Porter Cyr from Real Life Church in Myrtle Beach, SC brings us this simple and soft stage design.
(4) sheets of 3′ x 6′ white Coroplast from Home Depot
(1) wide roll of heavy duty aluminum foil from Sam’s Club
(1) roll of black gaffers tape
(2) 50 bulb white strands of warm white LED Christmas lights from Walmart
(1) roll of 50 lb fishing line
(1) bag of 400 ct jumbo cotton balls
(2) bottles of Elmer’s multi-purpose glue
(1) pack of clear thumbtacks (already had in the church office)
(7) Solena Max Bar 28 RGB 28-Watt DMX LED Wash Lights from PSSL.com (already had these)
(2) 1″ x 6″ x 6′ pieces of wood (painted black) with two brackets on each side
Stage didn’t extend far enough on the wall to put the light fixtures on the same level, so they added these to extend
Spent $125 total on the materials (except for lights which were $99.99 per fixture brand new).
First they cut the triangles out of Coroplast at 3′ wide by 6′ tall. They saved money on the sheets by taking the two half triangles left over from cutting the original triangle and taped them together to form the two triangles that were wrapped in aluminum foil, which would cover the tape anyway. To stagger the heights of the triangles, they left the ones in the middle at full height, the inside ones cut 6″ shorter, and the outside ones cut 18″ shorter. They taped the aluminum foil to the back side of the inside triangles, and they intentionally crinkled up the aluminum foil to give texture. They attached the string of Christmas lights to the middle triangles using clear thumbtacks. They tried scotch tape, but it didn’t hold long enough. They left the outside triangles as is, which was a cool reason to get white Coroplast because any other material, they would’ve had to paint it white. They attached the triangles to the wall by simply folding over strips of the gaffers tape and attaching to the back of the triangles, and it held up like a champ without having to drill holes or leave residue behind on the stage wall.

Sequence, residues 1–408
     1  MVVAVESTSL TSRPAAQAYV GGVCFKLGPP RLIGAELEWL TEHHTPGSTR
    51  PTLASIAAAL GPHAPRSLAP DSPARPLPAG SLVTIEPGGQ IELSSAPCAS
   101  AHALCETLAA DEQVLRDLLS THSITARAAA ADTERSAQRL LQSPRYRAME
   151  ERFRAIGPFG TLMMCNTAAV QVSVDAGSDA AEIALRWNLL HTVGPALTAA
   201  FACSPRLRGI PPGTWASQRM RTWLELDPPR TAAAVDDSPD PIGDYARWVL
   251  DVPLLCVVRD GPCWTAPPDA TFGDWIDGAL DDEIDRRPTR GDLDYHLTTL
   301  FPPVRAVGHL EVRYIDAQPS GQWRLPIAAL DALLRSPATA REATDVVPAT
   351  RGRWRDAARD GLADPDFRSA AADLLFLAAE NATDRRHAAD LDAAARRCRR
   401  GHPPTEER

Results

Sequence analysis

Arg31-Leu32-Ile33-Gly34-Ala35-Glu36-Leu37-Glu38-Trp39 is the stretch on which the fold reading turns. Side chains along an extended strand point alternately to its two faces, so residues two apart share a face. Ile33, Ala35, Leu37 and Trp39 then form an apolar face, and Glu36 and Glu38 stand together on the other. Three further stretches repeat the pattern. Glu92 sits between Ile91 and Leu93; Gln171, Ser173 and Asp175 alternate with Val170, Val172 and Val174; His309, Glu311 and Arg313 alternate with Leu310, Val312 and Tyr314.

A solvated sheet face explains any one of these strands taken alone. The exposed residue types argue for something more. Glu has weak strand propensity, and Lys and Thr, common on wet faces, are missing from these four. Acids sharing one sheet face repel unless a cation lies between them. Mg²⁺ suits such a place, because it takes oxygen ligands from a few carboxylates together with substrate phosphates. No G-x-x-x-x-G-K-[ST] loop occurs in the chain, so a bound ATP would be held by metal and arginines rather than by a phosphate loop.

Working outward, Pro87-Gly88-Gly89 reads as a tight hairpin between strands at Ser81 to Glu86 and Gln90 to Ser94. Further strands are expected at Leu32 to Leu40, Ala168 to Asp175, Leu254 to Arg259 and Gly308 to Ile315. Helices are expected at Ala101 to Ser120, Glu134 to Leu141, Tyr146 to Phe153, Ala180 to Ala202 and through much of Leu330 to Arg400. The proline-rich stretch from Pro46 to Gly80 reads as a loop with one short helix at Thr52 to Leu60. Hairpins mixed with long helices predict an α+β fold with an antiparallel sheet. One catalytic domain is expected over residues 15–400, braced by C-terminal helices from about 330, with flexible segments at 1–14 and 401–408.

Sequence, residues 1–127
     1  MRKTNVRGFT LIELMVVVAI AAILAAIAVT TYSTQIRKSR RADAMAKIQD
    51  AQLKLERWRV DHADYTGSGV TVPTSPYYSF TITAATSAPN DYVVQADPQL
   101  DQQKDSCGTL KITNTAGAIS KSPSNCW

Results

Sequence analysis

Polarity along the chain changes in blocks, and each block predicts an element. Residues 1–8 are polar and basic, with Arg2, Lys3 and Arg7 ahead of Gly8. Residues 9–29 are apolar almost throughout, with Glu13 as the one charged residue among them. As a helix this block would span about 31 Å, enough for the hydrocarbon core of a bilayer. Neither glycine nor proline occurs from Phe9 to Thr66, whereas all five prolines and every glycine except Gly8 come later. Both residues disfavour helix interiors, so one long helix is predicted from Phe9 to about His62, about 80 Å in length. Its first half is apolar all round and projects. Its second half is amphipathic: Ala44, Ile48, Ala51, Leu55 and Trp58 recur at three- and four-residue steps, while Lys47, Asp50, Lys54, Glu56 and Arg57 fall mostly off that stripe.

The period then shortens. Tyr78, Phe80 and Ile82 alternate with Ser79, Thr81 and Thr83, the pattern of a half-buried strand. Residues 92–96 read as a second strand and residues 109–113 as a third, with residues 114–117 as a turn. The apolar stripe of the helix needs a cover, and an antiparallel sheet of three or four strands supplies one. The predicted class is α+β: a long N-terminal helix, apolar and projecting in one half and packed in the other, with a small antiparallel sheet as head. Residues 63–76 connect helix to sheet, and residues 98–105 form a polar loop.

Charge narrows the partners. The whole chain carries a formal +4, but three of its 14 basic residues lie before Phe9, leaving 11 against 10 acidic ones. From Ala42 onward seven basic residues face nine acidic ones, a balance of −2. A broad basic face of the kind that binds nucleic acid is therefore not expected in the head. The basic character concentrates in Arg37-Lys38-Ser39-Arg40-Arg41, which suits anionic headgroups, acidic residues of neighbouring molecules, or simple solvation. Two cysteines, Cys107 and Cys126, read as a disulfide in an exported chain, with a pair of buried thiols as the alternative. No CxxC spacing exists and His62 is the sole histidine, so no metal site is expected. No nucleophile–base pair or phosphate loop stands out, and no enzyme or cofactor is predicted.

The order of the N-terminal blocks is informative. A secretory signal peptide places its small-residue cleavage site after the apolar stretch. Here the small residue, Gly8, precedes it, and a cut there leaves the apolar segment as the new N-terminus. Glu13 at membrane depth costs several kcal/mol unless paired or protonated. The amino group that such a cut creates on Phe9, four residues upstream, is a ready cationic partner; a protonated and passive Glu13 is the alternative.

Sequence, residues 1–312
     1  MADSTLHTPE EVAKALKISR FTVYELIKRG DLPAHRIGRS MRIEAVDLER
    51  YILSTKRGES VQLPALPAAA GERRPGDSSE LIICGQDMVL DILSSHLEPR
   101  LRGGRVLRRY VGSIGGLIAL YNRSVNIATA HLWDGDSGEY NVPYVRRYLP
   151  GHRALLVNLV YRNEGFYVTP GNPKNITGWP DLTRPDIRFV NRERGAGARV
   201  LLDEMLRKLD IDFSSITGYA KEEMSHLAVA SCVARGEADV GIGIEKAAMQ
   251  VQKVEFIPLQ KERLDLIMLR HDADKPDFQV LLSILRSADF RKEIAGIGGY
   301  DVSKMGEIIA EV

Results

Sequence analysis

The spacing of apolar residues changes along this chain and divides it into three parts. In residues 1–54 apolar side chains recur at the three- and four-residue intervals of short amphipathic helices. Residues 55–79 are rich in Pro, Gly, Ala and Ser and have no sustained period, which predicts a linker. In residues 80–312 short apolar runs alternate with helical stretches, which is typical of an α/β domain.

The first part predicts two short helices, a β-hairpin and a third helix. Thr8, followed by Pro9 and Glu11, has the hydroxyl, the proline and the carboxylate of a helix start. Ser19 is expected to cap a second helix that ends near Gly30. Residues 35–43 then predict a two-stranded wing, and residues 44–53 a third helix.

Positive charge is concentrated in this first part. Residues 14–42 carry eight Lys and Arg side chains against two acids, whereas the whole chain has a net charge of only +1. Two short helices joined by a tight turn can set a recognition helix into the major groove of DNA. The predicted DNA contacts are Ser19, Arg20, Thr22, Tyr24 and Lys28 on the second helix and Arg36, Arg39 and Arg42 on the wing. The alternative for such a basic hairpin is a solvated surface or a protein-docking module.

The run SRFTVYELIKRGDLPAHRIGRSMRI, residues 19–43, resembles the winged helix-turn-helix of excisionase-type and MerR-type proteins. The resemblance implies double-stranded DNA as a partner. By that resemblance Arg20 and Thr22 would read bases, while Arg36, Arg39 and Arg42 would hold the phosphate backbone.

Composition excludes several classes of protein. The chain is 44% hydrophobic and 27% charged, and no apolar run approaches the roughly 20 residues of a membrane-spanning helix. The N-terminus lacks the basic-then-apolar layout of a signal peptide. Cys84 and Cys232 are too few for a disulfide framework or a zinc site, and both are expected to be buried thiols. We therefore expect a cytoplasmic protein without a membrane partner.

Now for the falling snow effect: They strung cotton balls on the fishing line roughly 6″ apart, but they didn’t want it to be so evenly spaced where it didn’t look natural when hung. The inspiration for this actually came from another stage design idea on the site called Snowfall. However, they utilized the benefit of black masking their back stage wall by attaching the strands (staggered heights, also) to the wall with strips of the black gaffer’s tape. (Black on black virtually “disappears”). They also cut the strands where the bottom was touching the triangle so they wouldn’t overlap. They lit up the triangles with two of the LED fixtures on both sides (RGB color settings are R: 52 G: 0 B: 255) as well as the other three fixtures on the stage shining out.
*Bonus Technique/Tip: To tie the whole look on stage together, it really helps to color coordinate your graphics/video backgrounds on the projection screens with your backdrop. Then, it makes your projection become a part of your set design.